- Doug Padilla, Chicago White Sox beat reporter
- 0 Shares
CHICAGO – The hospitalization of Cincinnati Reds manager Dusty Baker in Chicago this week highlights the unseen physical demands of major league managers.
Baker, 63, made it to his 3,000th career game as manager on Tuesday night, but before his 3,001st game could even begin, he was taken to the hospital for what was originally supposed to be a chest X-ray to check for pneumonia. It was instead discovered that he had an irregular heartbeat.
Baker stayed in the hospital Wednesday night and is expected to remain there again Thursday night before flying home to Cincinnati on Friday. It is not known if he will return to the bench Friday when the Reds play host to the Los Angeles Dodgers.
The Cubs’ Dale Sveum, who isn’t even at the end of his first season as a manager, was asked about the pressures of the job.
“It’s a demanding job there is no question about it,” Sveum said. “Whatever health issues we all have you never take your health for granted. But all our prayers and everything go out, and hopefully everything is good with Dusty because he’s a great guys and the rest of this year will be important for him to be around and healthy.”
Reds bench coach Chris Speier, who has taken over for Baker the past two games, sees the stresses first hand but still aspires to be a major league manager one day.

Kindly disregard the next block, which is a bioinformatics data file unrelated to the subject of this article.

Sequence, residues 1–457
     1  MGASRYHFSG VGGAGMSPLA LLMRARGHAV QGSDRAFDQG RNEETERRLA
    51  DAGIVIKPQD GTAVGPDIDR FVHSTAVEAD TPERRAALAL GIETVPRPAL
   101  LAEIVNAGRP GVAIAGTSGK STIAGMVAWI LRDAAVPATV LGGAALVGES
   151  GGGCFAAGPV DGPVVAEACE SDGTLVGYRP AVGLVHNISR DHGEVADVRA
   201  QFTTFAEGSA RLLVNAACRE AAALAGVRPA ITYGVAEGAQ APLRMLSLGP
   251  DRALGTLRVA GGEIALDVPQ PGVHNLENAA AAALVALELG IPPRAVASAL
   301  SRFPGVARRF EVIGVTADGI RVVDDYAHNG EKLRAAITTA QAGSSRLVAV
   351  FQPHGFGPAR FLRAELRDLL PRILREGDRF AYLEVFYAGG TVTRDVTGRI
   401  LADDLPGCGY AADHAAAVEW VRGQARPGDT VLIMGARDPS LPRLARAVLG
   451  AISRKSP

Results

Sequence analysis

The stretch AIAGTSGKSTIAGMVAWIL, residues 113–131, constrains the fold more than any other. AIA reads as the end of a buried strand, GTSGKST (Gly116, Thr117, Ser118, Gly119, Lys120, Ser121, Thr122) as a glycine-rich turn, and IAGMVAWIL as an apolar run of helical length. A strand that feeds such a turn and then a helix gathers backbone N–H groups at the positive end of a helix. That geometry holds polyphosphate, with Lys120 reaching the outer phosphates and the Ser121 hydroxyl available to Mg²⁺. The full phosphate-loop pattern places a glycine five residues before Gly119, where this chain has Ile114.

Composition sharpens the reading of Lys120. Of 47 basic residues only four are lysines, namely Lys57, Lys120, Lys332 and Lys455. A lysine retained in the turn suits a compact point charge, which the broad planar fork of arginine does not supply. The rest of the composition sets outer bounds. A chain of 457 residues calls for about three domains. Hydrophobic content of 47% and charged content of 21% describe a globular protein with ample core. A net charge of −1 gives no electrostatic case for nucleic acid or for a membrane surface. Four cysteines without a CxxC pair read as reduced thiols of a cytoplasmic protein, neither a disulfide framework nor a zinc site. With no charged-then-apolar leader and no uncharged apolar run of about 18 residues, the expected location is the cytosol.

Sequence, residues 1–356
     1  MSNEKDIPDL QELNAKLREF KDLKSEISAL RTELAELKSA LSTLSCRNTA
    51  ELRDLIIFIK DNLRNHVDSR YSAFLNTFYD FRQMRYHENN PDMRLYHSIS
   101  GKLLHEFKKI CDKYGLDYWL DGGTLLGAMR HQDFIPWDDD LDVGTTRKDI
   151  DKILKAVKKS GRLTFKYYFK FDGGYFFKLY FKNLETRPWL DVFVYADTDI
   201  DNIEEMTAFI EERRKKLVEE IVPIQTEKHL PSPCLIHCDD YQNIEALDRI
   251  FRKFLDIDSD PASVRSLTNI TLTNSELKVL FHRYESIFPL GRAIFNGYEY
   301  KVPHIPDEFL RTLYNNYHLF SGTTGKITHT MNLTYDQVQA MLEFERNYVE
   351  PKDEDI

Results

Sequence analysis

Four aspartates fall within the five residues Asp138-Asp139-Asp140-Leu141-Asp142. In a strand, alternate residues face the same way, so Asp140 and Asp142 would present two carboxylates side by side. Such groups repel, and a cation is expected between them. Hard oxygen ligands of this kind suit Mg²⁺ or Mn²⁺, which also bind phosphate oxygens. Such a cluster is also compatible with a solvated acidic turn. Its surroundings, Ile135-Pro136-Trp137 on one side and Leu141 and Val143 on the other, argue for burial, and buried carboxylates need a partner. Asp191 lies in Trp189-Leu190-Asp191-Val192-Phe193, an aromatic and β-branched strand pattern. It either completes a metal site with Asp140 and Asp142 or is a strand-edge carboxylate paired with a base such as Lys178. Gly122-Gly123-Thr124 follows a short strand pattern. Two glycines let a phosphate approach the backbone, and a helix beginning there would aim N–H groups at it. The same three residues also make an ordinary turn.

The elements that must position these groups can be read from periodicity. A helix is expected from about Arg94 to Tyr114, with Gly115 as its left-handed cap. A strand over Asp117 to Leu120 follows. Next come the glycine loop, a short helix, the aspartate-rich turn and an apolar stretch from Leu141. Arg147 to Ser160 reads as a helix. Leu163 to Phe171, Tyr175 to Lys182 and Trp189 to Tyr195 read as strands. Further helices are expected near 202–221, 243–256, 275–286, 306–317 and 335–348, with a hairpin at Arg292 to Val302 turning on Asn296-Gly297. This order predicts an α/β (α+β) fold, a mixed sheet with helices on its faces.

“I was kidding him that no wonder you have heart problems,” Speier said. “But all kidding aside, there are a lot of things that go into it. I think anybody that has been involved in baseball – I’ve been in it close to 40 years – you always look forward to these types of opportunities (to manage) but it takes a special man and a special breed to do it especially as long as Dusty has done it and how successful he’s been.”
Despite Baker’s heart scare, the reds still managed to win Wednesday night’s game in extra innings.
“I worry about Dusty,” Speier said. “Everybody at this time of the year is a little beat up is a little tired, but I don’t think you really understand the scope of being mentally tired that affects the physical tired because of the managing job. He’s done it for so long and is used to it but I was thinking about it last night that ‘Wow, he’s done this for 3,000 games.’”
After his first 162 games, Sveum wil make it a point ot get away for a while.
"There will be some decompressing time, there is no question about it," Sveum said. "I think we all have to kick back and relax for a while and get away from it. There will be that point where you start grinding all over again come November and December and obviously after the first of the year everything will get kicked in again. But you have to find an outlet and kick back a while."
Hospitalization of Reds manager highlights physical toll on MLB managers.